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01/04/2016

Community planning in a protected landscape

Finding a balance between conservation, enhancement and the aspirations of local people is the biggest challenge in dealing with nationally protected landscapes, says Amy Tyler-Jones.

“Planning for the status quo” and “a presumption against change” are real quotes from draft neighbourhood plans. You might expect that in a protected landscape a desire to stop change in small towns and villages would be even stronger than in towns.

In the South Downs National Park we’ve seen just a few communities beginning with this view develop a positive approach to development, but most have set out from the start to promote and shape development.

The South Downs is England’s most populous national park; 112,000 people live in four market towns and several villages across 1,600 square kilometres. So the South Downs National Park Authority (SDNPA) has the additional challenge of having to accommodate more growth than any other protected landscape.

In January, we made the Petersfield Neighbourhood Plan, the largest of seven to date in the national park. The community has chosen to maintain a compact, pedestrian-friendly town while enabling more than 700 new homes and three hectares of employment space. It also promises improved access to the countryside and enhanced community facilities.

 “Innovative neighbourhood plan teams are starting to use local issues to make plans more relevant to the community”

The biggest challenge has been finding a balance between conserving and enhancing a nationally protected landscape and the aspirations of local people. For example, in Petersfield the sports centre and surrounding pitches provide space for football, rugby and cricket, centred on the leisure centre and swimming pool.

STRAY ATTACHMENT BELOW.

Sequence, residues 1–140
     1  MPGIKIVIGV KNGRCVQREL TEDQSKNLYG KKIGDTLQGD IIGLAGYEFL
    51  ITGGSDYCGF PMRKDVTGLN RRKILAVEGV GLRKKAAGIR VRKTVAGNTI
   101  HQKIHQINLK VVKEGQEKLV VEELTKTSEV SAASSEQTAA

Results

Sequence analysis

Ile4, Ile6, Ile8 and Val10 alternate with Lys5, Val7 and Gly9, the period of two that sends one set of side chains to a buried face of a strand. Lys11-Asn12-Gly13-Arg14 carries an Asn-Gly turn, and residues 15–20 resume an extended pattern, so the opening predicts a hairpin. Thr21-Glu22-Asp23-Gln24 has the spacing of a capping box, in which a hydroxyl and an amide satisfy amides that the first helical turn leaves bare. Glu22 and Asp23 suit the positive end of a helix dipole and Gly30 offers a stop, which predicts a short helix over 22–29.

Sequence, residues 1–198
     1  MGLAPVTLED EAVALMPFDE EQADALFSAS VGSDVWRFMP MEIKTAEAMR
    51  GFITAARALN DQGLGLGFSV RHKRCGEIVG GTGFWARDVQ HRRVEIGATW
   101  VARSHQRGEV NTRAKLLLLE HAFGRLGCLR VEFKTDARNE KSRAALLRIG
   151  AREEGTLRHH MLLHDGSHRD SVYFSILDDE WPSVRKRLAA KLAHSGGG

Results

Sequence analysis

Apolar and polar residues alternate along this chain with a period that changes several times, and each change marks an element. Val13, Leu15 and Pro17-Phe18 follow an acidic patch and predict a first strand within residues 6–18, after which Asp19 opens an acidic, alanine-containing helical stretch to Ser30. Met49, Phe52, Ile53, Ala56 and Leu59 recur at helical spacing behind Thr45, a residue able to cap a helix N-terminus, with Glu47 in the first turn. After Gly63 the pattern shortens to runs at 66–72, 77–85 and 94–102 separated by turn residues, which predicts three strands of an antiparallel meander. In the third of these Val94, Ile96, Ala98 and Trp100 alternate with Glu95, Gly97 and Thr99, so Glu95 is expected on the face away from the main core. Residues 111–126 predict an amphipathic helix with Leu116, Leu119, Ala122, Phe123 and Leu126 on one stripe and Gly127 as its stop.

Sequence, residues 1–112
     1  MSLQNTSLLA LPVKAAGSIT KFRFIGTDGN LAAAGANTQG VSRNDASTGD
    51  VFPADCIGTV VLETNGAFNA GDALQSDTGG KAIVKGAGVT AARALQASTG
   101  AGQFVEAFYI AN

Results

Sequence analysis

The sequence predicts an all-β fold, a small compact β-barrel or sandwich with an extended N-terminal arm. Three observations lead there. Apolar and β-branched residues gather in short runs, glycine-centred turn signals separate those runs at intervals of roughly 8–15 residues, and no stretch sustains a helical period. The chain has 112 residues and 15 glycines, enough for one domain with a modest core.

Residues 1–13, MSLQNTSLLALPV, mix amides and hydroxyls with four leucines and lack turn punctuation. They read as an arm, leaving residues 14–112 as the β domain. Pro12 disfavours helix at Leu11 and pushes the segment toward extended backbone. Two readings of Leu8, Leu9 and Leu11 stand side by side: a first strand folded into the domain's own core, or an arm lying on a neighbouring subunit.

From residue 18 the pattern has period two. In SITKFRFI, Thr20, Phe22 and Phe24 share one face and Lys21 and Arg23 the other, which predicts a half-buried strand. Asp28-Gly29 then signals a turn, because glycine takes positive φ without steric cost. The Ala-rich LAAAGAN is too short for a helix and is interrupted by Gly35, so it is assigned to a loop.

Finding a way to deliver homes and protect the area without losing these facilities took much discussion between planners and the community. Both sides gained a better understanding of the other’s needs.

Another challenge is making sure that plans aren’t just the work of a vocal minority. Innovative neighbourhood plan teams are starting to use local issues to make plans more relevant to the community. In Petersfield, by protecting the the sports hub and creating a new community centre, the plan has shown a sensitivity to local issues and proved that plan-making can also deliver place-making. We’ve even seen new young community leaders emerge as a result.

We’ve set out to establish productive working relationships, developing bespoke guidance and offering support through training and feedback. We also remind people that neighbourhood plans aren’t the only community-led planning tool – Village Design Statements, Local Landscape Character Assessments and Parish Plans may well be more appropriate to the community’s needs.

Amy Tyler-Jones is a neighbourhood planning officer for the South Downs National Park Authority

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